Today we have another installment in the ongoing exclusive Amoeblog series Hip-Hop Behind Bars: A First Person Account by X-Raided, in which long-incarcerated Sacramento rap artist and label owner Anerae "X-Raided" Brown writes from behind the bars of Pleasant Valley State Prison in Coalinga, CA where he is serving a 31 year to life sentence. In this edition, he writes about his two most recent releases, the two volumes in the Unforgiven series, which are available at Amoeba Music.
As outlined in his last Amoeblog entry, X-Raided, who somehow manages to run a record label and release albums from behind prison bars (he's released a dozen projects since his incarceration back in the early nineties), has released three albums just this year, all with Unforgiven in the title. One is entitled Eternally Unforgiven, recorded, he said, "to get my voice back out there" after a gap in releases. Meantime, The Unforgiven 1: In the Beginning is an updated version of the album he released ten years ago via Sacramento's Black Market Records. The new 2009 version, released on the artist's recently formed Bloc Star Entertainment label, features completely different sequencing, added tracks, and remixes. The goal of this release was to bring new fans up to speed and to prepare them for The Unforgiven 2: Assisted Suicide, which, according to X- Raided, "is here to let y'all know I'm back and I'm serious. Anybody think we ain't on fire, listen to the "Mortal Combat" remix and tell me we ain't the best. I put the rhymes on Unforgiven 2 against anything out there." What follows is X-Raided's track by track breakdown of each of these Unforgiven volumes.
The Unforgiven V.1: In the Beginning Track by Track by Anerae "X-Raided" Brown
I wanted to begin the album differently from the original so I started with this remix. I like that the rhyme begins with who I am, when I was born. The whole song is an introduction to my life in a way. We went with the birth at the beginning to kick it off, and we remixed the beat to give it a connection to the sound we're establishing over here at Bloc Star. Filthy Rich did the remixes and remastering on this project and of course he's my main producer. This song serves both purposes. Kicks off the album with an introduction to my life, and it gives everyone a preview of our new sound.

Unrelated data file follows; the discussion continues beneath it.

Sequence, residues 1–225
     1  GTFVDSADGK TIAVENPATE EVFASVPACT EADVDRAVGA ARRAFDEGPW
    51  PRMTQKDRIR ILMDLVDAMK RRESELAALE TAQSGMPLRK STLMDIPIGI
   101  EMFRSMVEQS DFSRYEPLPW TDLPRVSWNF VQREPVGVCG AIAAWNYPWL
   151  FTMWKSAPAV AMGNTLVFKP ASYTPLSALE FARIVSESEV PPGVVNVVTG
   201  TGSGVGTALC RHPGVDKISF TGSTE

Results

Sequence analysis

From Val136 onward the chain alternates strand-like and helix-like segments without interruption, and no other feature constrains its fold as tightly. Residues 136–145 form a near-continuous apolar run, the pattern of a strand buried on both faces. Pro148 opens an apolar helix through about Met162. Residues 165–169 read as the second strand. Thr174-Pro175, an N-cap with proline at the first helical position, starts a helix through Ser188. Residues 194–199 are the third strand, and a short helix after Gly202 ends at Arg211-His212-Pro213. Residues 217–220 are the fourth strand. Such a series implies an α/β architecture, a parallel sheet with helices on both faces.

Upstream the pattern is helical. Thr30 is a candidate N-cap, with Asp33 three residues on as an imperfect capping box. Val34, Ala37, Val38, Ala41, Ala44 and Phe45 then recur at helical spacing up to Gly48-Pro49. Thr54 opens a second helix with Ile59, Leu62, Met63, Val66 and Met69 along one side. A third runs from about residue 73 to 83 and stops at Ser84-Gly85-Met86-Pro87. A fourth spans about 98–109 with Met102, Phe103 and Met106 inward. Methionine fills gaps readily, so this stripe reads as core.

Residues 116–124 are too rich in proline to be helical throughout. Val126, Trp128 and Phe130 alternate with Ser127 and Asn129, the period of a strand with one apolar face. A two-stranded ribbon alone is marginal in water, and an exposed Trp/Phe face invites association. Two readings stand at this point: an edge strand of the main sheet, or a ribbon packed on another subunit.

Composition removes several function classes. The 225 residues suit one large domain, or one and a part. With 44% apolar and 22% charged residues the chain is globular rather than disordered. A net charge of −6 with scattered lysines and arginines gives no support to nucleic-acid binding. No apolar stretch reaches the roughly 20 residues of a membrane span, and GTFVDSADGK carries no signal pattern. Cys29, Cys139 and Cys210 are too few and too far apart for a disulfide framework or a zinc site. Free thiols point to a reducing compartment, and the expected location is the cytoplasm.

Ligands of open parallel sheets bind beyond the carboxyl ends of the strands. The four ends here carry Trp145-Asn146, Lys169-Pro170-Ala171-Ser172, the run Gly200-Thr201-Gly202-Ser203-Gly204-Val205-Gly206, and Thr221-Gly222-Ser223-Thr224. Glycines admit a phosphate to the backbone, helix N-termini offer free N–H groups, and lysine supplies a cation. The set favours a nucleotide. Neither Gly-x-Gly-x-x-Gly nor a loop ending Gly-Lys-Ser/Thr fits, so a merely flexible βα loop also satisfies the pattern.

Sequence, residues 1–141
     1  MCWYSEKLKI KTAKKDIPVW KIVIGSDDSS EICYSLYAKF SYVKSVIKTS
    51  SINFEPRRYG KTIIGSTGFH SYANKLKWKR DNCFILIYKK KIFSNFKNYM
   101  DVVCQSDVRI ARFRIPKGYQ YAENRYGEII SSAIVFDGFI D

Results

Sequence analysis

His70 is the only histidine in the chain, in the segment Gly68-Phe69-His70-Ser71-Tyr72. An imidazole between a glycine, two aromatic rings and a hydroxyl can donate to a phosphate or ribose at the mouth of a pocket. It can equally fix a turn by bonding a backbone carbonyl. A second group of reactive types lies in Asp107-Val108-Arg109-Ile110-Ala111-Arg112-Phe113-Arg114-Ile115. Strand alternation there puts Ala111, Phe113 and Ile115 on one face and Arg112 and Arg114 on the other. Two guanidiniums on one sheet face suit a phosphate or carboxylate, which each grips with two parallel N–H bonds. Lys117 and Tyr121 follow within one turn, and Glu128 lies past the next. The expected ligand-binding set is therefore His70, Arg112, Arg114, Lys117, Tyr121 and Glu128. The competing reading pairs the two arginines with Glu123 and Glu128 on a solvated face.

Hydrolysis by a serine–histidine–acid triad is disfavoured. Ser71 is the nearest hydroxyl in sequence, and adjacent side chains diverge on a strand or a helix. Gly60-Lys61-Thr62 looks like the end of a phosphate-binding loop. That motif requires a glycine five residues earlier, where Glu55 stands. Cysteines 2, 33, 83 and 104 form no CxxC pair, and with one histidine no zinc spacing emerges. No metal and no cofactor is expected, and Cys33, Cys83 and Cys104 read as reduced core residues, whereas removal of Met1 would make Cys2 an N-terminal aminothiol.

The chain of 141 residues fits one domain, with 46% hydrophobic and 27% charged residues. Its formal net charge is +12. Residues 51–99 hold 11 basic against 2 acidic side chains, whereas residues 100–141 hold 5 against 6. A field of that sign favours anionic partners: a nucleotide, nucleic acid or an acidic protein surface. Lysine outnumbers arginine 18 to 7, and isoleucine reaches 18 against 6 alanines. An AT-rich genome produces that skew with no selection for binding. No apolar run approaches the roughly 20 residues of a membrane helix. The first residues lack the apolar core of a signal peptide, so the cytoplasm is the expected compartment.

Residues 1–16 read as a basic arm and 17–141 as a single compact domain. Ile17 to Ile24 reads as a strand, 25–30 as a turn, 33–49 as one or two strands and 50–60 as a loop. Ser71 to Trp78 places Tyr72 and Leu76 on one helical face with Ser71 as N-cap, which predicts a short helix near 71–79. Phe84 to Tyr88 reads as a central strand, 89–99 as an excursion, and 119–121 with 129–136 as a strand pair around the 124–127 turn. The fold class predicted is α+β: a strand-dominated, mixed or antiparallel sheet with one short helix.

-"Mama's Pride & Joy (RMX)"
-"Mama's Pride & Joy (RMX)"
This song is about being a young G comin' up in the streets and what we go through in terms of law enforcement tryina take us down, and difficulties we face in terms of being minorities. This expresses a hopelessness as far as opportunities to advance legally and pretty much is saying fuck it, I'm gonna do what I have to do to survive, fuck everybody. Misanthropy is the hatred of mankind as a whole, so it's like saying fuck the world. I came across the word in a Sidney Sheldon book, Master of the Game, or one of the Midnite books, I can't remember. I looked it up and ended up writing the song.
This is self-explanatory. I'm pretty much saying that I'm unforgiven in Sac-Town for the things I've done in the streets. This one's more blatantly hood, more of a fuck you to my enemies.
-"Who Is Y'all"
I was listening to those old school AWOL compilations and those Who Put Sac on the Map compilations, and I just wondered like, Who is y'all niggas? When we first started, it was just me, Lynch, Sicx and C-Bo. Then we brought out other people, like Lunasicc, my dude Luni Coleone. Mr. Doc before he testified against Big Zoo. Other than that, there was Marva. I felt like, who the fuck are these new niggas that wasn't paying homage and was rappin half ass disrespectfully, so I dug up in 'em with this one.
This right here is just me actin' a fool. I went the fuck off. My whole point on this was, when it comes to flow nobody can see me. The beat is perfect for the rhyme. There's crazy energy in this track. I love it. I remember when the album came out, I called Brotha Lynch Hung and he had this playing on his voicemail and I could hear him in the background like "Yeah!" That's when I knew it was heated.
I wrote this song just fuckin' around, clownin' in battles on the yard in the pen. When there's war or a fight, they say, such and such "took flight" on such and such. It means to bomb on someone. So we're sayin' when it comes to rhymes, we take flight on niggas. I wrote the whole song and Dott learned it because he always spit my rhymes with me when I'd battle niggas, just like we would do at a show. He knew which words to say, so I just let him get two whole verses and I wrote another for myself.
-"Kick it 2-Nite"
I wrote this song for the females. Just a little something to move to. The first time I heard this song, I was in the dayroom, in the pen, with my headphones on, listening to the radio. I was about to get on the phone and it came on. I was like, WTF is this? I thought it was some new Pac until I heard the first two bars. It tripped me out. They did a good job on this. I was boppin' it out off this one.
-"Whatever It Took"
I wanted to kill it again, how I did on Spittin' Venom, so I came with this. This is pretty much a battle rap disguised as some gangster shit. On the West Coast, we ain't tryina listen to no extreme lyrical rhyme, but that's a necessity for someone who wants to be the best emcee, which is my desire. So I try to find ways to compromise. This song sounds like I'm on some shoot 'em up bang bang but it's actually about killin' rappers off lyrically. "I'm constrictin' on you rats like a python/ Ready to spit some venom, turn this mic on." This is elite rhyme writing.